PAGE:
"The basic test of freedom is perhaps less in what we are free to do than in what we are free not to do." ~ Eric Hoffer
Statism Is a Poisoned Mind
Exclusive to STR
May 18, 2009
To fully appreciate and understand the hurdles we voluntaryists face in imparting the rational truth about government to the general public, observe this particular spectacle: an excerpt from an article written by Leon Wieseltier, titled 'Washington Diarist: Love Me I'm a Liberal,' published in the March 4, 2009 edition of The New Republic:
'I want the president to tell the American people that, contrary to what they have been taught for many years, government is a jewel of human association and an heirloom of human reason; that government, though it may do ill, does good; that a lot of the good that government does only it can do; that the size of government must be fitted to the size of its tasks, and so, for a polity such as ours, big government is the only government; that strong government comports well with strong freedom, unless Madison was wrong; that a government based on rights cannot exclude from its concern the adversities of the people who confer upon it its legitimacy, or consign their remediation to the charitable moods of a preferred and decadent few; that Ronald Reagan, when he proclaimed that 'government is not the solution to the problem, government is the problem,' was a fool; and that nobody was ever rescued, or enlarged, by being left alone. For all its grotesqueness, American government is a beautiful thing.'
Leon , your 'jewel' is violence, that heirloom is of a sick mind, and Madison was wrong ' very, very wrong. There are no such things as 'rights,' not really, and no amount of people, realistically, can ever confer one shred of legitimacy upon the monstrosity whose alleged virtues you choose to extol. Ronald Reagan, I agree, was in many and varied ways a fool ' but I'd still, for all of that, rather not be 'rescued' or 'enlarged' by you or anyone else. I prefer ' hell, demand ' to be left alone. Dig it? And nothing grotesque is ever beautiful. Your entire thought processes Leon , in spite of the flowery prose, are distortions. They're backwards, Orwellian. They make Bavarian pretzels look like slide rules.
Such thinking is what has brought us to this sorry fix; this downward spiral that is increasingly tantamount to the total destruction of everything that has ever made life worth living. We're just a hair's breadth away from the cattle cars and concentration camps. Then apocalypse. This is where Wieseltier wants to take us, whether he realizes it or not. Dogma has made him blind, and as such, he's now incapable of living with logic. He's a creature of pure scatalogical emotion. Dangerous. Deadly.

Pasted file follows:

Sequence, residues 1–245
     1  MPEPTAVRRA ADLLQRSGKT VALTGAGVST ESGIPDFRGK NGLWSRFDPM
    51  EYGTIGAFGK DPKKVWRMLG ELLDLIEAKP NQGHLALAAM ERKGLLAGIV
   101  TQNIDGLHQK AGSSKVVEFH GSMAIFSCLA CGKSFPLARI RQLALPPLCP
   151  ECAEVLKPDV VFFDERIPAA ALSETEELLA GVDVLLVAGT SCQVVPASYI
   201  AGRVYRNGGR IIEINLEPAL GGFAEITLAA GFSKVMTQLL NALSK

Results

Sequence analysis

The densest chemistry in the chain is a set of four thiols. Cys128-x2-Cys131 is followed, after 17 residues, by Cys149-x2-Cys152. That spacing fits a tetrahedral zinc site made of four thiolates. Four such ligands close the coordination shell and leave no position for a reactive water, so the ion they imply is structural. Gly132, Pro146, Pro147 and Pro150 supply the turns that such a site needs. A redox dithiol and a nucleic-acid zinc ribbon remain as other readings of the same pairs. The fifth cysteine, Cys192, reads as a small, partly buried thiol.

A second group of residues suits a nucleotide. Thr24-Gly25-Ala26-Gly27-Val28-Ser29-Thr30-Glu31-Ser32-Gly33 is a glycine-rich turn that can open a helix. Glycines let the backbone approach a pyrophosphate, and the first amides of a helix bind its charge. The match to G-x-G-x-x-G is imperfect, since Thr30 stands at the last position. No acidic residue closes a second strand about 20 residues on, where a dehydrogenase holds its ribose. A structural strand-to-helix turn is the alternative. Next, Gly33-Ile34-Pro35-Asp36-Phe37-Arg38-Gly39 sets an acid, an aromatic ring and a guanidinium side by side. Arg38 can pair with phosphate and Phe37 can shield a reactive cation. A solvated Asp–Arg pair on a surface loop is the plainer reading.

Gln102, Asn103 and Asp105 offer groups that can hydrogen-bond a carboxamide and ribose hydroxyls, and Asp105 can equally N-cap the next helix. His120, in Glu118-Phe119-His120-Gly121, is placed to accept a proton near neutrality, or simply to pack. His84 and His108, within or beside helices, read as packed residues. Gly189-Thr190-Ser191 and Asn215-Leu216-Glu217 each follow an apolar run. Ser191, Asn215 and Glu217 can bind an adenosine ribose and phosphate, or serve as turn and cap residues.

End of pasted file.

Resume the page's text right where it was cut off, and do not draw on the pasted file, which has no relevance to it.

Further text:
This is by no means limited to crackpot, authoritarian-minded journalists. In a recent speech about torture and mistreatment of combat detainees in Amerikan custody, given by Vermont Senator Patrick Leahy before a congressional subcommittee, and published in the May 14, 2009 Rutland Herald titled, 'What Went Wrong?', the good Senator said:
'Most importantly, we need to re-establish the trust of the American people in their government. They deserve to know and understand what happened and why so that we can do our best to ensure that we do not make the same tragic mistakes, again.'
Well Leahy, as to the first sentence in the above quote, when engaging anyone who has even the slightest inkling of anything that's actually going on, you've got one motherfucker of a task in front of you. I'd say you're at least several decades too late to be ideating about that. There's not a single reason anywhere to be found why anyone in their right mind should trust you, or any of your thieving, murdering cohorts. To believe there is only reveals in stark obscenity your visceral arrogance. You, and those of your bureaucratic ilk, possess poisoned minds. You are diseased, infected, and as feral as the blackest and most sinister of all possible vampires.
I am, however, quite interested in exploring the second sentence in your quote:
'They deserve to know and understand what happened and why so that we can do our best to ensure that we do not make the same tragic mistakes, again.'
If you had been talking about the American people in relation to the government that was first formed by a group of short-sighted presumptuous fools in 1776 (the mere shadow of which you are currently a part), then you'd be doing a rare and wondrous thing ' for a politician.
You'd be exercising logic, and telling the truth.